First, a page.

Gómez Gálvez, Yolanda (2020) Effects of ageing on the vulnerability of the substantia nigra pars compacta dopaminergic neurons: implications in Parkinson’s disease. Doctoral thesis, Keele University.

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The degeneration of dopaminergic neurons (DAn) in the midbrain substantia nigra pars compacta (SNpc) is a definitive feature of Parkinson's disease (PD). Although age has been established as one of the main risk factors, the role that ageing has in the development of the disease is not yet fully understood. The aim of this Thesis, therefore, was to enhance our understanding of how ageing may increase the vulnerability of SNpc DAn.
To achieve this aim, isobaric tags for relative and absolute quantitation (iTRAQ) labelling combined with liquid chromatography tandem mass spectrometry (LC-MS/MS) was used to quantitatively compare the SNpc proteome of rats during ageing. Western blot and immunofluorescence analyses were subsequently conducted to verify some of the differentially expressed proteins from the analysis (e.g., GFAP), while immunohistochemistry analyses were performed to quantitatively and morphologically characterize the DAn of the rat SNpc themselves during ageing. From a total of 1,953 proteins that were identified and quantified in the proteomic study, the expression levels of 66 proteins were altered throughout ageing. Bioinformatic analysis revealed that proteins related to glial cells (e.g., GFAP) and the extracellular matrix (ECM) were differentially expressed in the old rat SNpc. Importantly, an unusual form of the GFAP protein (i.e., GFAPδ) was showed for the first time to be differentially expressed during ageing. In addition to this, the level of tyrosine hydroxylase (TH) expression in the SNpc throughout ageing was maintained. This was somewhat surprising as it appears that, independent of the proteomic changes, there was a general decrease in the density of rat SNpc DAn together with an increase of their soma size with ageing, which might indicate that the remaining DAn are able to maintain the level of tyrosine hydroxylase (TH) expression in the SNpc throughout ageing.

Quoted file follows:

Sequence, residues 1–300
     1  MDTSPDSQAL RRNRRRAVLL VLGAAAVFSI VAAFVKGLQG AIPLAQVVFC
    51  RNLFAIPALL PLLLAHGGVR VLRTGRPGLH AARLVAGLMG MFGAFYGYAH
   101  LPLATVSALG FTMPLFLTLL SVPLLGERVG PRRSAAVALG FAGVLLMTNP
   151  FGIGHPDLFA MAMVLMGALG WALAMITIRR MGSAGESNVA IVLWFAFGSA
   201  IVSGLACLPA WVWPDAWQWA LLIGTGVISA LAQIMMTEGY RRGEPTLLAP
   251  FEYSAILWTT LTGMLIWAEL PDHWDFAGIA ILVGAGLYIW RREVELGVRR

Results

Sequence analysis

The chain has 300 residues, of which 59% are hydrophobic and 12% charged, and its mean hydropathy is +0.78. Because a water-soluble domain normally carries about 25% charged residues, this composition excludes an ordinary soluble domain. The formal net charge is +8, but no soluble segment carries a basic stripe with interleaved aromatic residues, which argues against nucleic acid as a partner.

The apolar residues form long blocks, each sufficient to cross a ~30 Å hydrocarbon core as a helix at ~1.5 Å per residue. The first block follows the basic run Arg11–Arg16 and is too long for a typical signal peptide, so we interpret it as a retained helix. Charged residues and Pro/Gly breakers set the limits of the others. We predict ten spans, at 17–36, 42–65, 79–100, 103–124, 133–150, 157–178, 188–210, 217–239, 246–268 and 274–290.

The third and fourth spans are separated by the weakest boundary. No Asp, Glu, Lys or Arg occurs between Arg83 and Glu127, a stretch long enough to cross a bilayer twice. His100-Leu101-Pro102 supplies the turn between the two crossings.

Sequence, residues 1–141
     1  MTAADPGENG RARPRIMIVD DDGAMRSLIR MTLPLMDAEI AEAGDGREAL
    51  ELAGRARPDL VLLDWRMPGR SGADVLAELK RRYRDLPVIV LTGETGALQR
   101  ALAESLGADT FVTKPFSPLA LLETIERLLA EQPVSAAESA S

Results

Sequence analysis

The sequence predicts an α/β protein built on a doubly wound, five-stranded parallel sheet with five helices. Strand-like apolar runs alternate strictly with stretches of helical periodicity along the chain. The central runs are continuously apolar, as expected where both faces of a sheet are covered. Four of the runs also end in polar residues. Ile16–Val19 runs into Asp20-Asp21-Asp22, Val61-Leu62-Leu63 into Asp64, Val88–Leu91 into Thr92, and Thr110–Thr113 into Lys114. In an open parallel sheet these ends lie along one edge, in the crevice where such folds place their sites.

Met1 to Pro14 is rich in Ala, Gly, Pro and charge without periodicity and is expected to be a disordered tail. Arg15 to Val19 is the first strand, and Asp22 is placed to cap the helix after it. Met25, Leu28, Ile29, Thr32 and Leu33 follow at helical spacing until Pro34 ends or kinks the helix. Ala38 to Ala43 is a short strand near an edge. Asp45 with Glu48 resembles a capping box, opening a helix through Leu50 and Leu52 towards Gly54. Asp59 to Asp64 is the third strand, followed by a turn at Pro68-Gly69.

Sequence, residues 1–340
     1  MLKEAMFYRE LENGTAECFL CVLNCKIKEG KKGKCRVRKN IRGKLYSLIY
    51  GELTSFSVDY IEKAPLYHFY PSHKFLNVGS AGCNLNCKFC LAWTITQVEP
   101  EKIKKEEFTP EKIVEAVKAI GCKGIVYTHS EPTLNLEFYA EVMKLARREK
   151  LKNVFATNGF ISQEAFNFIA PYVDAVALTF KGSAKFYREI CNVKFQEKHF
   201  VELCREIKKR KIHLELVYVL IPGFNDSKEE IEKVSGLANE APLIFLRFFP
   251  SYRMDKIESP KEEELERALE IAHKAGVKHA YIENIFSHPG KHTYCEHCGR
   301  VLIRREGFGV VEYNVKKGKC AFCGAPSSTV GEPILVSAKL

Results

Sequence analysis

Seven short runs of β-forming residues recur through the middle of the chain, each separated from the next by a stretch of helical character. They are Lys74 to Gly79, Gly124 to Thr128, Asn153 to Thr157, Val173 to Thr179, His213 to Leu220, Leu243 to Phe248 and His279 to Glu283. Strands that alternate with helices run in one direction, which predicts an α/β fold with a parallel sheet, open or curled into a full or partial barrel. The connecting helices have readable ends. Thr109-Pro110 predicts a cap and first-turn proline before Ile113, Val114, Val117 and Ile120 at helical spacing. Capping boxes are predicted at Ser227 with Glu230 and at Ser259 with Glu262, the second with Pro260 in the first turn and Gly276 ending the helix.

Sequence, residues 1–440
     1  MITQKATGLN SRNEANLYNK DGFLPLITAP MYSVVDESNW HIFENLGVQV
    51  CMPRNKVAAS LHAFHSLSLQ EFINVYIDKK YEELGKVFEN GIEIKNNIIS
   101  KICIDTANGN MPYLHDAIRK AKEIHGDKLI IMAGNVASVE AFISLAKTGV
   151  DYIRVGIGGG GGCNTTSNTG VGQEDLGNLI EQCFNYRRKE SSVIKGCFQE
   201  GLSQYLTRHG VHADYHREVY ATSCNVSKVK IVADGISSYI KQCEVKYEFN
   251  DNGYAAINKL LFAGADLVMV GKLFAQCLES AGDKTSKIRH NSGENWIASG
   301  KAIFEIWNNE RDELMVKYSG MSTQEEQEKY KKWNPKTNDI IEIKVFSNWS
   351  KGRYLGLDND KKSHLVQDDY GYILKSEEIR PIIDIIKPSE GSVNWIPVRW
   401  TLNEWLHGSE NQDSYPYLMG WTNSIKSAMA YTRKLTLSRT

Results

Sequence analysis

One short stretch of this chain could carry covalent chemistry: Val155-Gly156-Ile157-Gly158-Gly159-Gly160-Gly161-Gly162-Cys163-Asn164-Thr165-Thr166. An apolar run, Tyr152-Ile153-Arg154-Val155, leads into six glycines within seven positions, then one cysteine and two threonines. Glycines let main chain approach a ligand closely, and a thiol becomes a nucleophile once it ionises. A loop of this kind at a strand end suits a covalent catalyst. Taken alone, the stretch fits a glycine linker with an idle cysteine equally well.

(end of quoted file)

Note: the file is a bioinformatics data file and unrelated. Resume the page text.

These results were followed by an in vitro investigation of the role astrocytes play in the vulnerability of DAn. To do this, primary cultures of embryonic DAn were challenged with the toxin 6-hydroxidopamine (6-OHDA) after reducing the number of astrocytes in the cultures in a unique way (i.e., by using the anti-mitotic drug paclitaxel). Though the anti-mitotic drug was successful in reducing astrocytes in the cultures, it was difficult to test the effect this had on combating the effects of 6-OHDA on DAn because the toxin also affected the viability of the remaining astrocytes in culture.
Lastly, multiple multi-study proteomic comparisons of published studies on the ageing nervous system and PD demonstrated that metabolism, oxidation-reduction mechanisms, mitochondrial function and immune system were biological processes and pathways enriched in both ageing and PD. Because some of these biological processes were the same as those found differentially expressed in the proteomics study of ageing conducted here, this support the idea that they may be key toward understanding how ageing is involved in the development of PD.
In conclusion, this Thesis showed that ageing alters the metabolic support associated with mitochondrial and oxidation-reduction functions (as it happens in PD) and suggests that this might have considerable repercussions on highly reactive oxygen species (ROS) sensitive neurons such as SNpc DAn. Adding to this, the alteration of proteins related to glial cells (e.g., astrocytes) might affect their protective function in the SNpc during a time when they are become even more essential to the survival of DAn.

Item Type: Thesis (Doctoral)
Subjects: R Medicine > RS Pharmacy and materia medica
Divisions: Faculty of Medicine and Health Sciences > School of Pharmacy and Bioengineering
Contributors: Gates, MA (Thesis advisor)
Fuller, HR (Thesis advisor)
Depositing User: Lisa Bailey
Date Deposited: 13 May 2020 15:33
Last Modified: 13 May 2020 15:33
URI: https://eprints.keele.ac.uk/id/eprint/7971

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